Outside of the franchise system, though, it’s cold. The market for one-off movies, especially those without huge actors and directors, just doesn’t seem to be there anymore. I’m not a professional movie critic, and I don’t spend my days poring over data from the MPAA, but I’ve been going to the movies in Manhattan almost every weekend, like clockwork, for years. Sometimes I spend hours in one theater, watching two or three movies in succession. And over the past two years or so, more often than not, no matter what theater I’m in—unless it’s a blockbuster, or like a Wes Anderson flick—I’m never at a loss for a seat. I don’t need a pie chart of statistics to tell me that nobody is there. I can use my eyes.

I suppose that it’s hard to drum up interest in these films because unlike comic book films, for example, there aren’t dedicated fan bases already in place. A franchise’s marketing starts with that audience—at something like Comic Con—and then goes from there. But absent of that, it’s left to the publicity cycle, the festival circuit and traditional ad campaigns to sell a movie. But without big stars and directors, that stuff doesn’t work anymore. And even with those assets in place, success is not guaranteed. People would rather stay home than drop $13.50 on something they’re unsure about.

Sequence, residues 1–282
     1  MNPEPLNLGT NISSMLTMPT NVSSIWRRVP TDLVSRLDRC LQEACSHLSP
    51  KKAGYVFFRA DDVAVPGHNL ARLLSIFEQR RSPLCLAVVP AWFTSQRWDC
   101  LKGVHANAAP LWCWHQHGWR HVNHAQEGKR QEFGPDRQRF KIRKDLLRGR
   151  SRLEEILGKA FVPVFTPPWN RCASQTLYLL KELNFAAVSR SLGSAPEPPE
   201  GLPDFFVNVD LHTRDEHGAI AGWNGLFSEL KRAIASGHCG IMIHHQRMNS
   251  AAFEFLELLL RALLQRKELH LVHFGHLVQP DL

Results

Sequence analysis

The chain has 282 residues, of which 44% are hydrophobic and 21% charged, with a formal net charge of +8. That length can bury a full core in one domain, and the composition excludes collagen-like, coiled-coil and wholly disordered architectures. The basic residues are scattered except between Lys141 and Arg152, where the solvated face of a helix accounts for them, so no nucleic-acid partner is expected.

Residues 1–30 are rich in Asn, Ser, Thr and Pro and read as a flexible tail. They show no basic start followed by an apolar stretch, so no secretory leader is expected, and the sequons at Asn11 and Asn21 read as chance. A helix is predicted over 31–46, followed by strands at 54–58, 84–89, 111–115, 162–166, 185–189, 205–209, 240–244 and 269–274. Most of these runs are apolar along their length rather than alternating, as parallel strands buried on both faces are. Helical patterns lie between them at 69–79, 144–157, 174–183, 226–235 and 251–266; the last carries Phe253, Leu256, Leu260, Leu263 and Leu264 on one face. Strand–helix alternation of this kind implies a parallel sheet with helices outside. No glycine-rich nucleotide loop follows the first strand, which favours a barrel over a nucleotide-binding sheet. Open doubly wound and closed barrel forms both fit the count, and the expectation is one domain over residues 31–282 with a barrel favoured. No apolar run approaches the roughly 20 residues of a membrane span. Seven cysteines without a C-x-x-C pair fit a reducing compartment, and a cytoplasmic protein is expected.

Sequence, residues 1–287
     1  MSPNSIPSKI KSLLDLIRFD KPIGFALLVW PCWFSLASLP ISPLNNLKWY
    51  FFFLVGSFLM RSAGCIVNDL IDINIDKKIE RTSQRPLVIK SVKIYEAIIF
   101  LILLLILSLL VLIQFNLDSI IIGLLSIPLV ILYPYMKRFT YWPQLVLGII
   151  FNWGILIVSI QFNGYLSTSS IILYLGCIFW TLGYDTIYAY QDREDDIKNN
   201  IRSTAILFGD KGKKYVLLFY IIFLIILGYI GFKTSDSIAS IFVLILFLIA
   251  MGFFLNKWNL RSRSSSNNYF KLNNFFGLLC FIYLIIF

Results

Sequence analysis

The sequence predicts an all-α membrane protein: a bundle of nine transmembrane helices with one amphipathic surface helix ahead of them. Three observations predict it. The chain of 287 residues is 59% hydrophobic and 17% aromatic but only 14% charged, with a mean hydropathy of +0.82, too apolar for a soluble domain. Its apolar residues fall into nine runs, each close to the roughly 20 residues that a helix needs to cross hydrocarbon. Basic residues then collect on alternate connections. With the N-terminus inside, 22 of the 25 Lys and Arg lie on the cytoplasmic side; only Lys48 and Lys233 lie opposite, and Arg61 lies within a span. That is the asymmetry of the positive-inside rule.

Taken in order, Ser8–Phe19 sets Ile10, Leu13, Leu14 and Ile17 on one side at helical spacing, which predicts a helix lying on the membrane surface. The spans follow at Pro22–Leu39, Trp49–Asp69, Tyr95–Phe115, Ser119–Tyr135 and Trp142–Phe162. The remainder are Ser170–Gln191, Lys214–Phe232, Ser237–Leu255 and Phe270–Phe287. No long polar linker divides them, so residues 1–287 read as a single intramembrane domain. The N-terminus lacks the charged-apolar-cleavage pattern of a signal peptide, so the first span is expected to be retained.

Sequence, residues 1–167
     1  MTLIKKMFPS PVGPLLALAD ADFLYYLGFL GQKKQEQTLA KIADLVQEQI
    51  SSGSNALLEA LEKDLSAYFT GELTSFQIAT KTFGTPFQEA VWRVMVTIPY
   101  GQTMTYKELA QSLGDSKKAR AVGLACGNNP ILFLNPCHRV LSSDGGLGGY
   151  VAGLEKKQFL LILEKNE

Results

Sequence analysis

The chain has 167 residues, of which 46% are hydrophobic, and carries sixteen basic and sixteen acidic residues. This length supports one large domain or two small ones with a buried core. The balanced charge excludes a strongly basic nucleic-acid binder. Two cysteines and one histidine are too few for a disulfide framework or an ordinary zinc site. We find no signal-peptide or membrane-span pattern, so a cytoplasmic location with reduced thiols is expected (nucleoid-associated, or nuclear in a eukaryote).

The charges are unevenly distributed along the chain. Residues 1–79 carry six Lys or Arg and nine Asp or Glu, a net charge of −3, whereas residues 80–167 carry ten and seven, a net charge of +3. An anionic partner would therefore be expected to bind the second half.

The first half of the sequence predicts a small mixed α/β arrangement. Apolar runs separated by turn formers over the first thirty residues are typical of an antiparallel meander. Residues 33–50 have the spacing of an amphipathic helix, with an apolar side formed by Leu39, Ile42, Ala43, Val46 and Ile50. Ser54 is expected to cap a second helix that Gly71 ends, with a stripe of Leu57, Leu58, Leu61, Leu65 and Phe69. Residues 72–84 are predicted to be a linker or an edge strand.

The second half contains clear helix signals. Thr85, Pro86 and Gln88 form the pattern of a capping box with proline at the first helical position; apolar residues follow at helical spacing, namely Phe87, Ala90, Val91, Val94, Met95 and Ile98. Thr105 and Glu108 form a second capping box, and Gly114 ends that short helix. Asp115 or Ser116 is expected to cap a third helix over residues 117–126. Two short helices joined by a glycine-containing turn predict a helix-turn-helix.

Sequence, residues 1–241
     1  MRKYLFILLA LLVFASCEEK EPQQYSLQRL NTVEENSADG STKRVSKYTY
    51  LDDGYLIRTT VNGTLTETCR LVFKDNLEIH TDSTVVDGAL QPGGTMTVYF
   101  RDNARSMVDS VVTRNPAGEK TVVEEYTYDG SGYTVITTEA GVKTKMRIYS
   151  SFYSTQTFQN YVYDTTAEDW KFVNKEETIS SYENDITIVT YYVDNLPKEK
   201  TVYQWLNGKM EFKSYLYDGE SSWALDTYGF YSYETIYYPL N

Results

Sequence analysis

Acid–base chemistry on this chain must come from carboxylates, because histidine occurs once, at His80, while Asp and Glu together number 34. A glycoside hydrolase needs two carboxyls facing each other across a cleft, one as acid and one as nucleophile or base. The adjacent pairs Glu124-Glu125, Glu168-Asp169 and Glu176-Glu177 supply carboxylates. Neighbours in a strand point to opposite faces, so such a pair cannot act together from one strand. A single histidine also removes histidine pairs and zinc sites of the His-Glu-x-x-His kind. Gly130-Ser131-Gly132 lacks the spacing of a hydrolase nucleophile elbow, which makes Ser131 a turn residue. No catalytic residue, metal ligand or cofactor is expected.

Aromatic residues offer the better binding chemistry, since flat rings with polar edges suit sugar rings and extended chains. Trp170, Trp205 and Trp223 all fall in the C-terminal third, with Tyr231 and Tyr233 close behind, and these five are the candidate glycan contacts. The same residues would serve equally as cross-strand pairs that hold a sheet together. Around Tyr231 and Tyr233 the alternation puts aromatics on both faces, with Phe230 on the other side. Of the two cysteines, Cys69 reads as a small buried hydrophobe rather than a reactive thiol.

On cable television or Netflix, the stakes are much lower. A show might air three or four episodes—maybe even a whole season—before it hits its stride. And again, there are so many ways to watch. What’s more, you have this ability to tap into the conversation around the show while it’s happening. You spend a weekend binging, trying to catch up. It becomes a thing to do, something to talk about. Outside of Oscar season—when the publicity parade is endless and unavoidable—you likely never feel that way about movies.